After attending the Missouri State Fair for approximately 82 years, Sedalia’s Maxine Griggs, 89, will be hanging up her oven mittens after this year’s food competitions.
Griggs, a MSF regular, will turn 90 Aug. 14 and she plans to slow down.
“I feel like it’s time for me to stop and smell the roses with my kids,” she said.
Next week, she will not be slowing down but will spend eight to nine hours each day in her kitchen making pre-fair entries. Griggs began competing after she retired and has amassed close to 500 ribbons for her entries over the years.
Griggs’s family, the Kindles, have long been a staple in MSF food concessions and that tradition will continue, she said. While sitting in her kitchen Tuesday, she reminisced about her family’s long history at the MSF that began when she was 9. One of 14 children belonging to Homer and Myrl Kindle, of Beamon, Griggs was delighted to be selected to go to the MSF with a local family in the early ’30s.
“My first visit to the fair was with the McFarlands,,” she said. “Don McFarland’s mother asked my mother if one of us kids could go to the fair with them because they had an extra seat in the car.”
She said at the time her family’s only transportation was a horse and buggy.
“Daddy gave me a quarter, and I thought I was wealthy,” Griggs said.
The McFarlands parked on the fairgrounds, had lunch under a shade tree, and prepared to see the livestock.
“At that time the cattle were all brought in by rail,” she noted. “There was a railroad track out there. We walked from the campgrounds into where the cattle started.”
Griggs toured the Jersey cow barns, saw the mules and went up to the one of the first food concessions owned by Ruby Williams. During the fair in the early ’30s, Griggs said everything was under tents not buildings.
“We went and saw the carnival grounds, and I saw all kinds of sights I’d never thought could be,” she added. “I got to ride the merry go round twice for a nickel.”
The next year, Griggs’s sister Lucille Bowers and her husband Lloyd decide to put up a tent for food concessions.
“My dad and brother-in-law cut enough timber to hold up a tent, (and) the McFarland’s rented them a tent,” Griggs said.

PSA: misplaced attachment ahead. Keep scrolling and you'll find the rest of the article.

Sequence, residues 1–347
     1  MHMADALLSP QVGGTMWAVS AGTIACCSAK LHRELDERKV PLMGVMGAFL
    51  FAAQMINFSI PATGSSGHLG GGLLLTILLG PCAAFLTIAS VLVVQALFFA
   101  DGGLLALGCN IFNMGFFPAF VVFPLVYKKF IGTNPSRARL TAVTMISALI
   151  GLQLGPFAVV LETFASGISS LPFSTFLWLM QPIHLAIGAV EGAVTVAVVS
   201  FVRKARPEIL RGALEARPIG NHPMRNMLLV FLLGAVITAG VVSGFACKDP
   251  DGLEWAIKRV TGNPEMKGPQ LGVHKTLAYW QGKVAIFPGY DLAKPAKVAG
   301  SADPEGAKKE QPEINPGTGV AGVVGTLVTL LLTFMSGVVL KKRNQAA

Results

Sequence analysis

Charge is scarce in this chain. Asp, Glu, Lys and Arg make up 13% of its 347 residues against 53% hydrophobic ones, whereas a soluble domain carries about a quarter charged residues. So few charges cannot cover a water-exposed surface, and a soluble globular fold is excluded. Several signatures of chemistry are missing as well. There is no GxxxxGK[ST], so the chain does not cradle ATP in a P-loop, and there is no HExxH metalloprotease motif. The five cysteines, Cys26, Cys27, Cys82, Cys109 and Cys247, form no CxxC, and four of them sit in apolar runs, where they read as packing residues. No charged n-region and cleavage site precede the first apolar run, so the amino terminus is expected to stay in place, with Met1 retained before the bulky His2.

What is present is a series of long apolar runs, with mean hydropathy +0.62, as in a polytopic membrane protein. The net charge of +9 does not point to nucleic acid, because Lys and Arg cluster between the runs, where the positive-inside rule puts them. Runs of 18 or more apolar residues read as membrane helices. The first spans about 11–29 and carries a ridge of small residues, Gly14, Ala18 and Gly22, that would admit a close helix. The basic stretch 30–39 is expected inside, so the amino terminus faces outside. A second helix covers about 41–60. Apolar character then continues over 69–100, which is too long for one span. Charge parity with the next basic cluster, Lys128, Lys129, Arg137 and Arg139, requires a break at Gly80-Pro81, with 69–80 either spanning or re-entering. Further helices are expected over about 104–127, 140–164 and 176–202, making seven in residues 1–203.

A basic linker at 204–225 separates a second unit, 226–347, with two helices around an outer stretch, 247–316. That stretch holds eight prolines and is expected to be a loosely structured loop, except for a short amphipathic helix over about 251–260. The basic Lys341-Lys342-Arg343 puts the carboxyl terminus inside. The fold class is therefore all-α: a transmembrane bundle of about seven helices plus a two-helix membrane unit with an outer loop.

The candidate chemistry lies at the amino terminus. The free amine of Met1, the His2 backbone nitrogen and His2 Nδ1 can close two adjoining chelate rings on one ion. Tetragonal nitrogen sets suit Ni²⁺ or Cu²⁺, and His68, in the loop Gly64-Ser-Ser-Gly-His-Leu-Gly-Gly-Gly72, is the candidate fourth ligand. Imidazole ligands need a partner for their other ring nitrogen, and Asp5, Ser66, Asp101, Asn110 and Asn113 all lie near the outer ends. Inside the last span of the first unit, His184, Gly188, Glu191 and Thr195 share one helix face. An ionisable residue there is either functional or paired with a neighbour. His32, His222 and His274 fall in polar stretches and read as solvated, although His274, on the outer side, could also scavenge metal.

The family placed a cook stove out back of the tent to prepare meals. Tables were set up under the tent for fair-goers to eat the meals.
“Grandma Bowers was blind and she did all the baking and cooking outside,” Griggs said. “We had 22 plates, and what little silverware mama and Lucille had, that’s what we used. We could feed 22 people.”
The family prepared chicken for fair-goers, but in the early 1930s the process was much more labor intensive.
“The year we put the tent up, mama would get up and she would kill the chickens so we could have 25 chickens in a washtub of water,” she said. “Daddy would bring them into town.”
The family had begun planning the food concession the year before, so in preparation they canned green beans and vegetables and stored and preserved beef and pork in stone jars to be served along with cured ham.
“Grandma Bowers baked all the bread, and the biscuits and the pies and cobblers,” Griggs said. “That’s the way we fed them in the first year. In the second or third year, the state said they would put up a building.
“From then on, I think it was ‘34, ‘35, and maybe ‘36, I carried water in a water bucket with a dipper for people to drink out of,” she added. “On the way from the Jersey Barn, where you make the turn, people would stop me and get a drink of water out of that bucket. Nobody thought anything about drinking after each other then; there was no water fountains.”
Griggs remembers, as a child, filling a washtub full of water and washing dishes for the concession and drying them on a tea towel.
“As the years went by, the fair grew,” she added.
Kindle concessions was the No. 9 stand, now known as Truck’s Place.
“No. 9 was the beginning of the Kindle family being on the fairgrounds,” she said. “When we were growing up, we grew up in those concessions. We all worked for Lucille and Lloyd and then as the years passed we would move into different locations.”
She said she would manage No. 9 while her sister Nadine would take care of No. 8.
The Kindle family never missed an opportunity to have a concession stand at the MSF except during World War II.
“In World War II they closed the concession because of the war,” she said.
Her brother-in-law, Lloyd Bowers, was serving in the Pacific Theatre during the war. The stand was left for Griggs and her sister Lucille to operate alone; it became too much for them and they closed it for a time.
Years later, Griggs, bought six concessions and began Bell Catering during the 1960s. The stands are operated by her grandchildren. She would also come to own her own Sedalia restaurant named Maxine’s, and eventually cater the Governor’s Ham Breakfast for many years.
“I did 17 ham breakfasts from the time of (Governor) Warren Hearnes to (Governor) Ashcroft,” she said. “I did 95 percent of all the catering for the RVs. I hold the record for 1,500 people for the Holiday Ramblers.”
Griggs also catered to the MSF entertainers backstage; serving up meals to Waylon Jennings, Willie Nelson and George Strait.
After her retirement, Griggs didn’t slow down but began to enter the MSF Home Economics food competitions in 1996. When the MSF begins Aug. 13 Griggs plans to be there each day and to enter as many contests as possible.
Although she won’t be competing in 2016, she plans to be at the fair.
“If I’m still alive, I’ll go out and enjoy it and maybe they’ll let me judge,” she said.”The ironic part of all this is, the Williams and the McKinneys are no longer operating so the Kindle legend has gone on.
“I love that fairground,” she added. “I said ‘of all the places in my life, I love it better than any place I’ve ever been.’”
Faith Bemiss can be reached at 826-1000 ext. 1481 or @flbemiss.